The NFL will reportedly launch an investigation centering on the Baltimore Ravens for allegedly making its rookie players wear full pads during a minicamp. According to league sources, this is a violation of the NFL's Collective Bargaining Agreement or CBA.
News about the investigation was first reported by ESPN after gathering information from its sources. According to the sports news site, the team allegedly made its veteran and new players suit up with full pads during a non-contact punt protection drill.
Representatives from the Ravens admitted that its players did wear full pads during a training session on May 6. They explained that they thought that the rules for organized team offseason activities do not apply for the rookie minicamp.
However, after receiving a clarification from Benjamin Watson, the representative of the players' union, the team immediately asked its players to leave the field and to stop the drills. According to the team, the training session in question lasted for about five minutes.
It is not yet clear, however, if an actual investigation carried out by the NFL will take place since, in order for that to happen, the league must first receive an official report from a player about a violation. Despite this, it seems the Ravens is more than willing to cooperate in the matter since representatives from the team noted that all practices are taped.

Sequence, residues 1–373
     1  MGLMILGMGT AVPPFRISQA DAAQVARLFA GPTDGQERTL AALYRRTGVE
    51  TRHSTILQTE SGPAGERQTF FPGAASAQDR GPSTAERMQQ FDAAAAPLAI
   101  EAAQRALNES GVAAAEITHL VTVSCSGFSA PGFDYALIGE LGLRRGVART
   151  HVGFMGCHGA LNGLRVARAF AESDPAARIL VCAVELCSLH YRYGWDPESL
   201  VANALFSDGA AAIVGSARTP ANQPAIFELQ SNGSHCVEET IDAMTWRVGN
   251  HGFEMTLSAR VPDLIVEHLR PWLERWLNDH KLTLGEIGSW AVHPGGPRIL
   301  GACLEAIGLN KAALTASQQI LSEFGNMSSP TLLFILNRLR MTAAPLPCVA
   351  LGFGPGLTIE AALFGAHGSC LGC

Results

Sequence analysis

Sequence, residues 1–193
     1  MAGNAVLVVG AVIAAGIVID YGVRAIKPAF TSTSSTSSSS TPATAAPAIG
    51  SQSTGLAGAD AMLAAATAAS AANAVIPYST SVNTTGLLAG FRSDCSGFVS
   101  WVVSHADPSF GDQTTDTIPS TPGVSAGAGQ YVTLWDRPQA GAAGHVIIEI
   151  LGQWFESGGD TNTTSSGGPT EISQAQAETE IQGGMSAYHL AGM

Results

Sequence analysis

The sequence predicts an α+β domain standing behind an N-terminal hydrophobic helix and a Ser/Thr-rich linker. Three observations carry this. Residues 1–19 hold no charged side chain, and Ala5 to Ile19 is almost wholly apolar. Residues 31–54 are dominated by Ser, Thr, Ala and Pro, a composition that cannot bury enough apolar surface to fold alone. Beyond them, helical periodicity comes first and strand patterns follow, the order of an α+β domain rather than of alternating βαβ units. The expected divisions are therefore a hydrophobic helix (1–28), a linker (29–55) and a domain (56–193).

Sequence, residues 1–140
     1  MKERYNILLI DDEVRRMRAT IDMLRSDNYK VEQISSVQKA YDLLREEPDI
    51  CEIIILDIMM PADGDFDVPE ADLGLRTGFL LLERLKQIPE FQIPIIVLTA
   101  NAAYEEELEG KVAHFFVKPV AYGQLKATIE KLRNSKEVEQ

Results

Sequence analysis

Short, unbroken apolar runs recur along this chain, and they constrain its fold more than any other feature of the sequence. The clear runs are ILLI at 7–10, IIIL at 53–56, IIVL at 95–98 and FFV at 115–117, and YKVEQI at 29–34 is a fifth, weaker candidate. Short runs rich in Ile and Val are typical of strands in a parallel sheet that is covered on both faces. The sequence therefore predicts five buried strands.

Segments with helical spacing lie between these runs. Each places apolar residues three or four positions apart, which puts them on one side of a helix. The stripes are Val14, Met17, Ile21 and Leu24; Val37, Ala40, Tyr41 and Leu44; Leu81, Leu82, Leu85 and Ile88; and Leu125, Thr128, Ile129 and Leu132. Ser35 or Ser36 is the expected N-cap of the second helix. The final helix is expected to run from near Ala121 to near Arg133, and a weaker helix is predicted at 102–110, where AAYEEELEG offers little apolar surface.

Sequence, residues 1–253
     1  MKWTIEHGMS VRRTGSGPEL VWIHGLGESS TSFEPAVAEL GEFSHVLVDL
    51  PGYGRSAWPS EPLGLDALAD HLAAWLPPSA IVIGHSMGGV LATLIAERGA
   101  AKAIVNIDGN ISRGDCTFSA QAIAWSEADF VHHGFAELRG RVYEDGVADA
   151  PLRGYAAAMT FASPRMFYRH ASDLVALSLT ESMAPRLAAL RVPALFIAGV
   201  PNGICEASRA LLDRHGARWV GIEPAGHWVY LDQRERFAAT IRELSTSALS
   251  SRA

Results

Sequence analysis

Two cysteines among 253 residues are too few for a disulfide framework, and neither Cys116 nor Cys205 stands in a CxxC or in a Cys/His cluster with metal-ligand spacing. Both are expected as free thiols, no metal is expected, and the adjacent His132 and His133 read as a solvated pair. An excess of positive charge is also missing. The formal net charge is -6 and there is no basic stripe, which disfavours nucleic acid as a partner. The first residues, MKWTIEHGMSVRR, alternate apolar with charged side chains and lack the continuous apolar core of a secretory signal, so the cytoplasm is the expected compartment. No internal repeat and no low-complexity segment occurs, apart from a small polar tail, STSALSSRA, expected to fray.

Over the years, guidelines of the CBA have become stricter. Also, if proven, this would not be the first time the Ravens violated a CBA rule. Back in 2010, the Baltimore franchise had to cancel the last week of its offseason workouts due to complaints filed by multiple players.
According to NESN, these players said that the team held late meetings that sometimes lasted for too long.
The Seattle Seahawks also violated the leagues non-contact rules back in 2012. The team then made the same violation again in 2014 and was then punished by the league. As punishment, coach Pete Carroll was slapped with a $100,000 fine while the team was charged with another $200,000 penalty for repeating the violation.